A comparison of the ASSR to the ABR, specifically with regard to
the utility of the ASSR for estimation of hearing threshold in infants and
young children have prompted. Various issues associated with the comparison of
the two evoked potentials were considered, including frequency specificity,
response generators, the effects of hearing loss and automatic detection

Two studies were undertaken. The first study compared ASSR test
results in relation to c-ABR with the ASSR is based on an automatic detection
algorithm. And the second study did a direct comparison of ASSR and tb-ABR
threshold estimation techniques using adult listeners with the ASSR is based on
observer inspection of waveforms.

First study

Correlations were determined between ABR threshold with each
audiometric threshold and between ASSR thresholds and audiometric thresholds.
The results showed that both    c-ABR and
ASSR have significant correlations with the pure-tone audiogram in infants and
children with various degrees of hearing loss. These data suggest that both
c-ABR and ASSR threshold estimates can be used to predict pure-tone threshold
for infants and children who have hearing thresholds in the normal to
severe-to-profound range. However, the discrepancy between behavioral and
evoked potential threshold was generally smaller for ASSR than for ABR.
Finally, click-evoked ABR thresholds and ASSR thresholds may be used together
for comparison to results from the pure tone audiogram.

second study

tb-evoked ABR and the modulated tone-evoked ASSR thresholds were
similar when both were detected with an automatic detection algorithm and that
threshold estimates varied with frequency, stimulus rate, and detection method.
However, both ASSR and tb-ABR have demonstrated clinical efficacy for
estimating the pure-tone audiogram in infants, children, and adults with
hearing loss.

Finally, there are some studies suggested that there are no
significant differences in threshold determination between the two techniques.
However, other studies showed an advantage for ASSR over tb-ABR. That are ASSR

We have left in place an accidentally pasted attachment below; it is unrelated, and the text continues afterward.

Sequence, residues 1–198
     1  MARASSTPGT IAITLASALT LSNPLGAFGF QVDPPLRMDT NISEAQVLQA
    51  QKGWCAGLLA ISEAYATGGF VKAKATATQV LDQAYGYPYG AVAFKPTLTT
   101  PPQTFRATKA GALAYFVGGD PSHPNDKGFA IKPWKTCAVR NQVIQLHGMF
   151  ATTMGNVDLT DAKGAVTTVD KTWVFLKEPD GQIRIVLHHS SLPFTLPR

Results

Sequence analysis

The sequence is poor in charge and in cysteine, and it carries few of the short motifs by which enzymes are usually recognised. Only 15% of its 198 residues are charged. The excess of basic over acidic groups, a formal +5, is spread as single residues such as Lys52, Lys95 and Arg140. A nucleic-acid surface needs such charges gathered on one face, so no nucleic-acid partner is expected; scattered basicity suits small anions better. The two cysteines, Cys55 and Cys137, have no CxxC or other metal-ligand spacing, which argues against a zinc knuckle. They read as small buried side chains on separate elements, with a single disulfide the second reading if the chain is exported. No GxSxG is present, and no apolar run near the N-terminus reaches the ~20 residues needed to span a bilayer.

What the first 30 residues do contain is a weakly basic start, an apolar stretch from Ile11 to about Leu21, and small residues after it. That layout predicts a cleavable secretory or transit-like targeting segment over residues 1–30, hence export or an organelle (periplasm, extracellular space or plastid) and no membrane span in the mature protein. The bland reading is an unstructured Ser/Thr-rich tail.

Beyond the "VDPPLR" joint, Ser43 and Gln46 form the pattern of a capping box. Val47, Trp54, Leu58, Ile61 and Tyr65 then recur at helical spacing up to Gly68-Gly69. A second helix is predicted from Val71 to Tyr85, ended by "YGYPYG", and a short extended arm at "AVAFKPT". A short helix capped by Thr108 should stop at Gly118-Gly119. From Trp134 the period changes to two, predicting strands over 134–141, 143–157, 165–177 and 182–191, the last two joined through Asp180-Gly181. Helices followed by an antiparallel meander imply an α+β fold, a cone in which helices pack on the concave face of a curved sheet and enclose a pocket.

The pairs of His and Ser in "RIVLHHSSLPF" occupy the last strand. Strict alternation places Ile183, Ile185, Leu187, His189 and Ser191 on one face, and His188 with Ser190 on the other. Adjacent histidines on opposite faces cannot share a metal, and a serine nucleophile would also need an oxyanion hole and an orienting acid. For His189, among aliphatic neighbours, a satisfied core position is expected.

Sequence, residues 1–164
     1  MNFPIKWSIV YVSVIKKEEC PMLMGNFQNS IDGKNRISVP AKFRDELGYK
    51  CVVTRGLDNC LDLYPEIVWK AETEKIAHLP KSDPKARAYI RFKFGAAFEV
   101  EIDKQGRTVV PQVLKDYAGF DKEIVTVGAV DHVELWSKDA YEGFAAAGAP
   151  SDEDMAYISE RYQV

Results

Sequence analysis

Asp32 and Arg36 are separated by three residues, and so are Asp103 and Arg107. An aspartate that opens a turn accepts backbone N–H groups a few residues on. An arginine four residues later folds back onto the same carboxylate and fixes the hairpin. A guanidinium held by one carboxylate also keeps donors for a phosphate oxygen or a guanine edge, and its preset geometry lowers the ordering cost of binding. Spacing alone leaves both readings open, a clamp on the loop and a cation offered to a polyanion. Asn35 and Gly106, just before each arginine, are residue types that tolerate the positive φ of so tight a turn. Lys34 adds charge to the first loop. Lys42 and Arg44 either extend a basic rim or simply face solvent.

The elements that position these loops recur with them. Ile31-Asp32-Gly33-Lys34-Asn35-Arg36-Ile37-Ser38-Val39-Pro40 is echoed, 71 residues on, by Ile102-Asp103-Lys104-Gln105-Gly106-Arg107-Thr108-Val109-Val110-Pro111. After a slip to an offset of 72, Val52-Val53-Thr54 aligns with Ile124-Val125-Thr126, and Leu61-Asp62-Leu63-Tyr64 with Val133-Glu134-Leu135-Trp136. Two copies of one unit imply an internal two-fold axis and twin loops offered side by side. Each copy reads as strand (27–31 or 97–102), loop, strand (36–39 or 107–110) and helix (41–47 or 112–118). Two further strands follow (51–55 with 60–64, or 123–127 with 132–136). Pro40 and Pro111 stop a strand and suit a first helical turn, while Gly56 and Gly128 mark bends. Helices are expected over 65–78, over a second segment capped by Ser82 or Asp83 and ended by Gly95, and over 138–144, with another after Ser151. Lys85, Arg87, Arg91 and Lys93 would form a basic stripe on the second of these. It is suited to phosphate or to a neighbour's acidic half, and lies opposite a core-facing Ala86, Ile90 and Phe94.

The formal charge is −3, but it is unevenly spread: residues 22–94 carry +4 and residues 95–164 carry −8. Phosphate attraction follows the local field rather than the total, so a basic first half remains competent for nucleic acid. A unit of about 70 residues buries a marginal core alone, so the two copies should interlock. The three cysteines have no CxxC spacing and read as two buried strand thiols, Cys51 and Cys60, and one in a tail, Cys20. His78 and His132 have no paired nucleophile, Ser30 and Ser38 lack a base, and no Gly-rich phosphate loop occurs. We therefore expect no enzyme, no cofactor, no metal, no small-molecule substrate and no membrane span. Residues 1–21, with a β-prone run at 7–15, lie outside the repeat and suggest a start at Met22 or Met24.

can determine the residual hearing for those with severe-to-profound and
profound hearing losses, whereas tb-ABR tests yield “no response” at
transducer output limits for this severity of hearing loss. Another advantage
for the ASSR is that ASSR can ensure electro-physiologic responses that are
objectively interpreted in a short time (104 sec). In comparison, long time (4
min) were required per each trial when testing with tb-ABR.


First, many studies were compared with the present tow studies and the findings
were in a good agreement. Second, the present two studies compare
between ABR and ASSR with behavioral thresholds test. Whereas previous studies
compare between one electrophysiological test and behavioral thresholds test. Third,
In the first study, all results of the behavioral threshold were reliable.


First, no variations on the selection of the participants in the second
study, as all participants were females with normal hearing and close range of age. Second,
the present studies did not indicate if the results of the electrophysiological
tests were reliable or not. Third, cases
demonstrating profound hearing loss were excluded so, the correlation between electrophysiological test and behavioral thresholds test were not investigated in these cases in the first study. 


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